The start of the New Year is a time that’s ripe for New Year’s resolutions, and making changes to our health is often at the top of our resolutions list.

Typical health goals include improving overall health and fitness, losing weight, kicking unhealthy habits like smoking and excessive alcohol use, and increasing healthy behaviours such as increasing exercise, improving diet and nutrition, and getting more sleep.

Are the odds stacked against you?

Unfortunately around 80% of people don’t meet their New Years resolutions1, so what’s the secret to success when it comes to making health-related changes? Thinking sustainably. The reality is that we all lead busy lives, and a significant part of our waking hours is spent at work, so rather than wait for the ideal time, let’s learn to work with our circumstances. To help you get started we’ve put together some tips to increase your chances of success.

Tips to help you succeed in improving your health

1. Be realistic
Make health changes that fit in with your current situation. This way, you’re more likely to follow-through rather than waiting for the perfect two-hour chunk of time to exercise, or waiting for the next day before starting your healthy eating plan. So, if you work long hours and don’t fancy exercising in the dark, consider going for a walk around the block at lunchtime, taking the stairs rather than the lift, or getting off the bus one stop earlier to walk further.

2. Make it super easy
Remove as many barriers as possible so that there’s no excuse to avoid making changes. If your aim is to eat healthily but you’re pressed for time during a busy work day, buy ready-made salads and keep easy-to-eat fruit at your desk for healthy snacking. If your goal is to exercise at work, keep your sneakers under your desk so that you eliminate the excuse of having unsuitable footwear.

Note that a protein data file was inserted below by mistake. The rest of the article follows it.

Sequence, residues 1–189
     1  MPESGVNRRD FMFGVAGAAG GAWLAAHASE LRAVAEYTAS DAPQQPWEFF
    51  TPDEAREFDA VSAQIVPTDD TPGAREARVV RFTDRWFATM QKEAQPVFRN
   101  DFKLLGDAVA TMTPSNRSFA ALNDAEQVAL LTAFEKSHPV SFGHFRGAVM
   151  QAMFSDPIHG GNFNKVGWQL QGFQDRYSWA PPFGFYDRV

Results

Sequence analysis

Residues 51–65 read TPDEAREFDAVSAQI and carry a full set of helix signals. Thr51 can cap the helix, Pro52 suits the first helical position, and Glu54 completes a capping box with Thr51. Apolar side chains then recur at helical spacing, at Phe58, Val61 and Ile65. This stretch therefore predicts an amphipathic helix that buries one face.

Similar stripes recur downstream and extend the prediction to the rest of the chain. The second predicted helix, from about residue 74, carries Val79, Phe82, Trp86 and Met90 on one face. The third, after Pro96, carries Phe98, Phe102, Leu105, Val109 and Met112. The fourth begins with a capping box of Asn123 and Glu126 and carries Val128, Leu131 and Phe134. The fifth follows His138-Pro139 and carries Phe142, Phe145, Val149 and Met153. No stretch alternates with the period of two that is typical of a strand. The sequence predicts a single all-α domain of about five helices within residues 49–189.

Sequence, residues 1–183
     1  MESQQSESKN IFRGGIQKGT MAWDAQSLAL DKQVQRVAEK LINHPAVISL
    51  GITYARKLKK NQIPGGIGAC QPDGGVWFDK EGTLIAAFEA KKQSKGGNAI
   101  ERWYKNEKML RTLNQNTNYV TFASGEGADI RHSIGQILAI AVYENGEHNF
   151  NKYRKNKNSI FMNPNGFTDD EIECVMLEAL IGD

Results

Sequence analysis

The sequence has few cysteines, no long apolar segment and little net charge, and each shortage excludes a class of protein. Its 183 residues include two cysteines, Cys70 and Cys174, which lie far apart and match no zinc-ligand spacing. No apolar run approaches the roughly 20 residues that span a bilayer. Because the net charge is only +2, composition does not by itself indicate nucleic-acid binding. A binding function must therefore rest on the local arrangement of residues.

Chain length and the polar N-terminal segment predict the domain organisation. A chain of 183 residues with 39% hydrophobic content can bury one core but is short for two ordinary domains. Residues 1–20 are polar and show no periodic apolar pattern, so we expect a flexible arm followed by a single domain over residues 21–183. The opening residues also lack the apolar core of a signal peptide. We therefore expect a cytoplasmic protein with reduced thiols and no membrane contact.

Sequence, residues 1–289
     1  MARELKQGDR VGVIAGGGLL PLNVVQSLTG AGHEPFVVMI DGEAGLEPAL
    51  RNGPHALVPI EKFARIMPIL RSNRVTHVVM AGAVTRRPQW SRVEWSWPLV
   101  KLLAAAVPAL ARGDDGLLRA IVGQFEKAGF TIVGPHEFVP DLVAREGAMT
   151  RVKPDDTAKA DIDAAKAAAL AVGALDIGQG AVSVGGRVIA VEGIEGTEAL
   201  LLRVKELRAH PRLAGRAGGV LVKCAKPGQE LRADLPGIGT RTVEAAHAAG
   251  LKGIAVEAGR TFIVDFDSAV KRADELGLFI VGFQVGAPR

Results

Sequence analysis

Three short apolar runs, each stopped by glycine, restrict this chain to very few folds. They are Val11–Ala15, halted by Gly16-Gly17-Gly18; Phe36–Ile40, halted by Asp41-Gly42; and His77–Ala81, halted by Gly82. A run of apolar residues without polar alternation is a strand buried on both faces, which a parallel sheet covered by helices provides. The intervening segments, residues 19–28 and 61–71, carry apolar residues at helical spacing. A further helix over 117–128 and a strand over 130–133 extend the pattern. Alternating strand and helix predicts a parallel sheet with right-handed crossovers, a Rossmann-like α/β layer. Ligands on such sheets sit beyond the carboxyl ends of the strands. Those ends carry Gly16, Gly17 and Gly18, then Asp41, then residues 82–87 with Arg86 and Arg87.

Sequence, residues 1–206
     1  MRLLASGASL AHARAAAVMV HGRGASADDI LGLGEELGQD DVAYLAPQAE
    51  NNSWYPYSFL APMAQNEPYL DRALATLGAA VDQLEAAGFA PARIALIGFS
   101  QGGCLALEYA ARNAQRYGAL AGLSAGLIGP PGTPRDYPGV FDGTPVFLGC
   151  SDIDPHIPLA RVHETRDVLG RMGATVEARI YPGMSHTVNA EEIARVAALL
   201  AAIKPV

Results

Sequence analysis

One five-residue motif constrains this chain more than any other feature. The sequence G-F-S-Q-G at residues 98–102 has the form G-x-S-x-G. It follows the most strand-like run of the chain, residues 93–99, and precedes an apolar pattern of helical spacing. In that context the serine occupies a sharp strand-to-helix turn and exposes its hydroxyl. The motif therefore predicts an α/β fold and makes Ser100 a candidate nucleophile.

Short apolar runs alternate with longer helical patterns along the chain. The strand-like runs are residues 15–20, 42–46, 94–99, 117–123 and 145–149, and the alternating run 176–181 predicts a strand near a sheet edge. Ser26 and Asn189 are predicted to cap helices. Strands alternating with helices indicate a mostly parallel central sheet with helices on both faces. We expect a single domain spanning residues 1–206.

3. Think bite-sized chunks
Goals that are too large can at times seem potentially overwhelming and unattainable. If your current exercise routine involves walking from your desk to the vending machine, committing to exercising for an hour each day may seem unattainable. So, break down your larger goals to subgoals so small that they’re easy to follow through with. Instead of trying to find one whole hour to exercise during a busy day, think of incorporating incidental exercise into your day at work, or breaking down the one hour into three bursts of 20 minutes of exercise.

4. Maintain motivation
Set small targets within a shorter time-frame to aim towards as longer-term goals are less likely to trigger a sense of urgency to act. Rather than aiming to reach a certain number of kilometres in an entire month, break it down to a number of steps each day as this will seem more within your reach and you’ll be more likely to take action.

Harness a competitive streak to your advantage by using a fitness tracker to see if you can better your activity levels each day, or set up a workplace competition with colleagues.

5. Persist to make it a habit
A study looking at how habits are formed showed that it can take up to between 18 and 254 days for health-related habits to develop depending on the habit that you aim for2. The bottom line? It takes persistence to work to produce sustainable changes, so don’t get deflated if you’re not quite there after a week or two.

6. Reward yourself
Finally, reward yourself (within reason) for a job well done and to help you maintain motivation in the longer term!



2 Lally, P., van Jaarsveld, C.H.M., Potts, H.W.W., & Wardle, J. (2010). How are habits formed: Modelling habit formation in the real world. European Journal of Social Psychology, 40, 998-1009.

Dr Joyce Chong
BSc(Hons), MPsych(Clinical), PhD, MAPS(CCLP)Clinical Psychologist

Dr Joyce Chong is a Perth based Clinical Psychologist at The Skill Collective. She helps individuals build skills for a better life in the areas of mental health and wellbeing. Joyce specialises in stress, anxiety, depression, self-esteem, perfectionism, and building a healthy mindset. She has worked extensively in private practice and in university-based counselling services. She is also experienced in the delivery of corporate mental health and wellbeing educational programs and employee assistance program counselling.

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